Posted by ECOGREENWORLD on 04/15/2016

TO LEASE OR BUY SOLAR PV PANELS … That is the question

TO LEASE OR BUY SOLAR PV PANELS … That is the question

Many people who’ve done their homework and understand the advantages of harnessing the power of the sun, for solar power energy production, are wondering whether to buy or lease solar. Solar panel installations are available for purchase (you own the system) or as 20 years solar leases (technically owned by a 3rd party and sometimes marketed as FREE). Should I lease or buy Solar Panels? … That is the question. Whether to invest in a solar panel purchase, or sign a contract for a solar panel installation with a long-term lease/PPA, what’s best for one person is not necessarily the right choice for their neighbor. When you’re ready to go solar to power your home, be prepared, before calling a solar consultant sales person. Understanding the advantages and disadvantages of a solar lease vs. a solar power purchase option, is worth some research, thought and preparation on your end. The good news is, whichever option you choose, solar energy will yield significant electric savings for you and your family for years to come.

There’s no one answer fits all when determining the cost of a solar panel installation. Solar panel installers may offer you proposals comparing the options, to either buy or lease solar power. The best solar power energy production choice, depends on your solar power goals, personal objectives, and target solar cost and investment. To make the right choice first answer the following questions about what your looking to gain installing solar panels on your home.

What motivates you most about going solar? You may want to have energy independence from your local utility, save money, or to be more green.

Do you want the maximum long term savings, or minimum concerns regarding upkeep of the system?

Are you technically inclined? Will you want to check your electric bill and/or monitor your system daily/weekly/monthly to keep track of solar electricity production; or would you rather have the solar company handle every aspect of the system’s performance for 20 years?

Do you have good credit?

Do you have assets available to invest in solar to yield the highest long-term returns?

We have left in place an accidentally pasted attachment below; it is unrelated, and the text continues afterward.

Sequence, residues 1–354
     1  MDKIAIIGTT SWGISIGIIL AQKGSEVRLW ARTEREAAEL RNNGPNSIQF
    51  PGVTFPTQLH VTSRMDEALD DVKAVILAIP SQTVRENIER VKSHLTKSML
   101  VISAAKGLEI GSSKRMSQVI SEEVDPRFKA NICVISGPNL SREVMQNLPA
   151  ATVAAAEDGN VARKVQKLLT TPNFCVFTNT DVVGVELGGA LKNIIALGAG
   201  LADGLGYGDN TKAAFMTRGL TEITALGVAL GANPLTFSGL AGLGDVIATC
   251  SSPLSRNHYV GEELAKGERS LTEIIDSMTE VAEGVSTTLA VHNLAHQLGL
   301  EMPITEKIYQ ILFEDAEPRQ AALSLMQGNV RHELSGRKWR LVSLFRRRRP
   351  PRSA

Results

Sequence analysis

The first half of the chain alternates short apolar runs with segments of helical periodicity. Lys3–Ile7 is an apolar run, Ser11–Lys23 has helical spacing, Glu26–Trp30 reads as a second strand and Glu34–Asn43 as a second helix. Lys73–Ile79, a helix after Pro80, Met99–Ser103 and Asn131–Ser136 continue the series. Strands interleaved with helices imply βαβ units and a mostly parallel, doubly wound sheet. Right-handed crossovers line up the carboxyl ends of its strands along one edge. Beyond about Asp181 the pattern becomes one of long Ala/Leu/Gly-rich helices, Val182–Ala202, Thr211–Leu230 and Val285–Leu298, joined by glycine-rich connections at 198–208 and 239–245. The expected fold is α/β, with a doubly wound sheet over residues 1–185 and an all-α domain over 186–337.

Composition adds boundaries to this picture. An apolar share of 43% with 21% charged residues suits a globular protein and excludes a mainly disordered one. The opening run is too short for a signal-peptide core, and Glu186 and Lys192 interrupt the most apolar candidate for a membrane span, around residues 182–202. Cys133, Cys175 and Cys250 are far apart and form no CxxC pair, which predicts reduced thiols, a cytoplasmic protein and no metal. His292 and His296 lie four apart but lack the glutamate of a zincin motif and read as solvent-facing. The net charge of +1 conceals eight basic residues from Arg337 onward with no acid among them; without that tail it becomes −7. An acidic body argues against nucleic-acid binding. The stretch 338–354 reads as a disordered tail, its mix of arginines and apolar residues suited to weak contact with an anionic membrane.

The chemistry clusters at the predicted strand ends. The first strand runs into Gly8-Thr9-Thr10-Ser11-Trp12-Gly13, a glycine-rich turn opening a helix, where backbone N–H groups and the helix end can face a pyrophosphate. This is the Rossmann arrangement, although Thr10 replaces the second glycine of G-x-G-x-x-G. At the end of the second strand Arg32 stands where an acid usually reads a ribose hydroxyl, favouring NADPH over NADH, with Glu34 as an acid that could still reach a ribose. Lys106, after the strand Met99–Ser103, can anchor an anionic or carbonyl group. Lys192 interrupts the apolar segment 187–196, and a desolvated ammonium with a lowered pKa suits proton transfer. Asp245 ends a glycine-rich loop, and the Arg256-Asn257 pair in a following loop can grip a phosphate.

How long to you expect to own your home?

Will your energy use remain the same over the years or be more or less?

By answering key questions before speaking to a solar consultant — who no doubt will be intent on selling you a solar system — you’ll be prepared to negotiate the best financing, to fulfill your objectives for going solar.

The difference between a solar purchase and solar lease falls into two basic categories: financial return, and energy independence. A Solar purchase, typically has a higher long-term financial return, and will make you more energy independent, because you own the solar system. A 20 year solar lease is more worry free, because a 3rd party owns and maintains the system, and supplies you clean solar energy at a reduced rate, that’s typically fixed for the entire 20 year term. In both cases you will save money. What’s best for you… is up to you!

Solar consultants are usually full-time employees of the solar company they work for, and tend to steer you in the direction they feel is easiest for them, to close the sale. That’s not necessarily a bad thing, as their time is valuable, and so is yours. The answer is to be prepared with a good understanding of what will work best for you, before scheduling an appointment with a solar consultant. Keep in mind, the large national solar companies who do leasing and PPA’s, prefer that you lease versus purchase solar. Most local companies that sell solar, would rather you do a purchase. The distinction is their business models are different. It’s easier and more profitable for a solar leasing company to sell you a solar lease. Conversely, well established, local solar companies have been selling and installing solar systems for years, so in their case, it’s less work, and more profitable to sell you a solar system. Be informed, by knowing what you want, and why, rather than be maneuvered into the preferred option of the solar salesman (woman).